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June 26, 2019

Investment vs Speculation


“An investment operation is one which, upon thorough analysis promises safety of principal and an adequate return. Operations not meeting these requirements are speculative.”

– Benjamin Graham (The Intelligent Investor)

Investment versus speculation
“In our conservative view every nonprofessional who operates on margin should recognize that he is ipso facto speculating,” said Benjamin Graham.

Giving his thoughts on Investment versus Speculation in his opening chapter in The Intelligent Investor, Benjamin Graham, the father of value investing, said:

“Outright speculation is neither illegal, immoral, nor (for most people) fattening to the pocketbook. More than that, some speculation is necessary and unavoidable, for in many common-stock situations there are substantial possibilities of both profit and loss, and the risks therein must be assumed by someone. There is intelligent speculation as there is intelligent investing.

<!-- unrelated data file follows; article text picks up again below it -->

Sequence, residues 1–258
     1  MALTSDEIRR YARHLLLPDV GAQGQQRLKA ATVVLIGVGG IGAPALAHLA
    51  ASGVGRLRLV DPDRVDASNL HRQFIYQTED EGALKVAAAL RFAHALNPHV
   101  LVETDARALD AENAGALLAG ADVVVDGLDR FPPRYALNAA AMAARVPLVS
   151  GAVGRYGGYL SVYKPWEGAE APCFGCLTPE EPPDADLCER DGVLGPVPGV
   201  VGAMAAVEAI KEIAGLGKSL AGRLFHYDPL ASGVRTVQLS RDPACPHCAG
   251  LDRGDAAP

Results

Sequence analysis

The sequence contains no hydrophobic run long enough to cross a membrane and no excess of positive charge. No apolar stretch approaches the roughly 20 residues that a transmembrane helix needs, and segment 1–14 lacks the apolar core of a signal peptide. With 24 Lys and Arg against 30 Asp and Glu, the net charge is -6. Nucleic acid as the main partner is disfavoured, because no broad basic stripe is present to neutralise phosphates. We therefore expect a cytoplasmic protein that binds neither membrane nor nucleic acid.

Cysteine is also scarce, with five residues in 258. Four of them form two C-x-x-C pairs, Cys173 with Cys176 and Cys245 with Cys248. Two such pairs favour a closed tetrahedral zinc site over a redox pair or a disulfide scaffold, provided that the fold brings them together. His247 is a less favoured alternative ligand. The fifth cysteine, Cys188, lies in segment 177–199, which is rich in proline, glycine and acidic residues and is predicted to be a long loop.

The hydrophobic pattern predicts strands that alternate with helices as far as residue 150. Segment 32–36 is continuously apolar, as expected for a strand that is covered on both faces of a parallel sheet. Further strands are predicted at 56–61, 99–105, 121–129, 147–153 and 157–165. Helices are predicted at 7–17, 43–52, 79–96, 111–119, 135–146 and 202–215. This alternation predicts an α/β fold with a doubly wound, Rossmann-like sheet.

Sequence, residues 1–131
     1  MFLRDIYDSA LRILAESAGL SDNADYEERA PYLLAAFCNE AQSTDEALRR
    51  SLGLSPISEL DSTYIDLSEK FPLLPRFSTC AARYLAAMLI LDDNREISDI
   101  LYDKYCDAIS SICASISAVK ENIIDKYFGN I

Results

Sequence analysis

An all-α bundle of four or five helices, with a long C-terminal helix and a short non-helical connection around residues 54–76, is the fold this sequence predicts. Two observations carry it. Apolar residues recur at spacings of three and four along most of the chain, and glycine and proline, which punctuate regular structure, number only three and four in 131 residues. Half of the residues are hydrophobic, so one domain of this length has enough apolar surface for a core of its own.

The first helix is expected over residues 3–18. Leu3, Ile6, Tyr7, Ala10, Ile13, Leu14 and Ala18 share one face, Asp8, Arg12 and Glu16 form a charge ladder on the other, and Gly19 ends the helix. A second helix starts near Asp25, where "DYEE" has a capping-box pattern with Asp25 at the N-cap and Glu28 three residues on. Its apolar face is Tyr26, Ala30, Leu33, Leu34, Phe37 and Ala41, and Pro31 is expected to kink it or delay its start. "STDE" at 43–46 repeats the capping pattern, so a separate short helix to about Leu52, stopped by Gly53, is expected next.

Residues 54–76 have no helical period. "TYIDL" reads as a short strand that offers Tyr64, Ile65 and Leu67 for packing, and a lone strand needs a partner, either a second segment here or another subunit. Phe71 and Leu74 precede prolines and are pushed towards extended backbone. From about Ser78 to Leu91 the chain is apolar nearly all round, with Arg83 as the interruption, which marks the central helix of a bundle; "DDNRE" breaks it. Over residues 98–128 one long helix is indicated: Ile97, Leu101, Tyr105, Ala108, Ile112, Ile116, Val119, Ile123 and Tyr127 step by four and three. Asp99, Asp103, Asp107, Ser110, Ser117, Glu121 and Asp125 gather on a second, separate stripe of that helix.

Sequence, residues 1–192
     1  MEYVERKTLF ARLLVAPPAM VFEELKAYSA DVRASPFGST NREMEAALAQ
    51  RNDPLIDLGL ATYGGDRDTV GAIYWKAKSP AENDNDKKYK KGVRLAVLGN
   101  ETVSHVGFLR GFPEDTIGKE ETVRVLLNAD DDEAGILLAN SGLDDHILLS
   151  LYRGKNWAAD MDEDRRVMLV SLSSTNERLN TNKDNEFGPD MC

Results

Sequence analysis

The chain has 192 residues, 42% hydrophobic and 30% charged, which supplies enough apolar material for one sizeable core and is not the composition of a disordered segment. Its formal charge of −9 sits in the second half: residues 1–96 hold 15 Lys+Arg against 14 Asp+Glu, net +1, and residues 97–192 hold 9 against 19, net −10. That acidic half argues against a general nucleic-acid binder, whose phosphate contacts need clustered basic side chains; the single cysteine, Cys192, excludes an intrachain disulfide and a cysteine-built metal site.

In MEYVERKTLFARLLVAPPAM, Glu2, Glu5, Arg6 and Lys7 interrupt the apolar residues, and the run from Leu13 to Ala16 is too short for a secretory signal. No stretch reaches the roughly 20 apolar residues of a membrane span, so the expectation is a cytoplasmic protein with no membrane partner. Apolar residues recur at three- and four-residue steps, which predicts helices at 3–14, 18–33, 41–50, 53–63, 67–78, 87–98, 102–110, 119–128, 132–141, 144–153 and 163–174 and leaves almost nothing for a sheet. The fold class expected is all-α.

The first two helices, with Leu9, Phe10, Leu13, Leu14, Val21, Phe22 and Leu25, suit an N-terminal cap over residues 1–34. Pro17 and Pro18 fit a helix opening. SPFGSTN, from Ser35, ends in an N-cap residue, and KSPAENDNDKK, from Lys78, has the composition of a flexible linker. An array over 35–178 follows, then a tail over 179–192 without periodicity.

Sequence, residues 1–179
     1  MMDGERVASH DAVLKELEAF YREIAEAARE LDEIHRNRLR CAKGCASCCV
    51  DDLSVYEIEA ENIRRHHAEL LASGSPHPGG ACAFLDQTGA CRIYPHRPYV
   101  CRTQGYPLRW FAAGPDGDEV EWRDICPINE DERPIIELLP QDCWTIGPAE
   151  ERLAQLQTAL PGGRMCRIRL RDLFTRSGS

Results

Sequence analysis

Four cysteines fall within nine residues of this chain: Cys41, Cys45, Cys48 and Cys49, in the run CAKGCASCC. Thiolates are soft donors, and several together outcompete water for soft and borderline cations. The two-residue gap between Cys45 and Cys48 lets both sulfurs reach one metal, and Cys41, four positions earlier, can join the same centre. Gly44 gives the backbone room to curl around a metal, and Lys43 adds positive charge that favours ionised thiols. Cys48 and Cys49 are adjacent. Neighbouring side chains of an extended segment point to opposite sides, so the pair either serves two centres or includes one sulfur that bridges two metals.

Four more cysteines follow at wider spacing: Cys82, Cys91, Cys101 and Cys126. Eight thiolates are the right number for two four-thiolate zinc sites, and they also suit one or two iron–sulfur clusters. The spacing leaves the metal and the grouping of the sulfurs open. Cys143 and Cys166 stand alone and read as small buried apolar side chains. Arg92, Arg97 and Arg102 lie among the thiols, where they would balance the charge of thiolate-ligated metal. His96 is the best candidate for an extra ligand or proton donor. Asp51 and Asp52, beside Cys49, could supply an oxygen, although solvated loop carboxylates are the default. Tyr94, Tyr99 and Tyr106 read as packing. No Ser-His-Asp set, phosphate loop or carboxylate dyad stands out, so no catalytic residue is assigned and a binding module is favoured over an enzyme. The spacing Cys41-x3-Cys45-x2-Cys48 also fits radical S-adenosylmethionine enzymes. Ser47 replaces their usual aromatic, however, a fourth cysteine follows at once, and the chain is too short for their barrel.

“But there are many ways in which speculation may be unintelligent. Of these, the foremost are: (1) speculating when you think you are investing; (2) speculating seriously instead of as a pastime, when you lack proper knowledge and skill for it; and (3) risking more money in speculation than you can afford to lose.”

Benjamin Graham then went on to give a note-worthy conservative view:

“In our conservative view every nonprofessional who operates on margin should recognize that he is ipso facto speculating, and it is his broker’s duty so to advise him. And everyone who buys a so-called “hot” common-stock issue, or makes a purchase in any way similar thereto, is either speculating or gambling.”

For those who want to try their luck at speculating, Benjamin Graham has this piece of advice:

“Speculation is always fascinating, and it can be a lot of fun while you are ahead of the game. If you want to try your luck at it, put aside a portion – the smaller the better – of your capital in a separate fund for this purpose. Never add money to this account just because the market has gone up and profits are rolling in. (That’s the time to think of taking money out of your speculative fund.) Never mingle your speculative and investment operations in the same account, nor in any part of your thinking.”


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